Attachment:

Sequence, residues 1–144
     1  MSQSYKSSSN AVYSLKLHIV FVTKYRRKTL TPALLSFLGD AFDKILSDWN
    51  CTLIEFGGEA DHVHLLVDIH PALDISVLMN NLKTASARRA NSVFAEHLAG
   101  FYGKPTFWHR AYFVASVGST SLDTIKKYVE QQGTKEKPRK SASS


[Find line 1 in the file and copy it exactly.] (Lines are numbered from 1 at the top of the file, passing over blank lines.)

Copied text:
Sequence, residues 1–144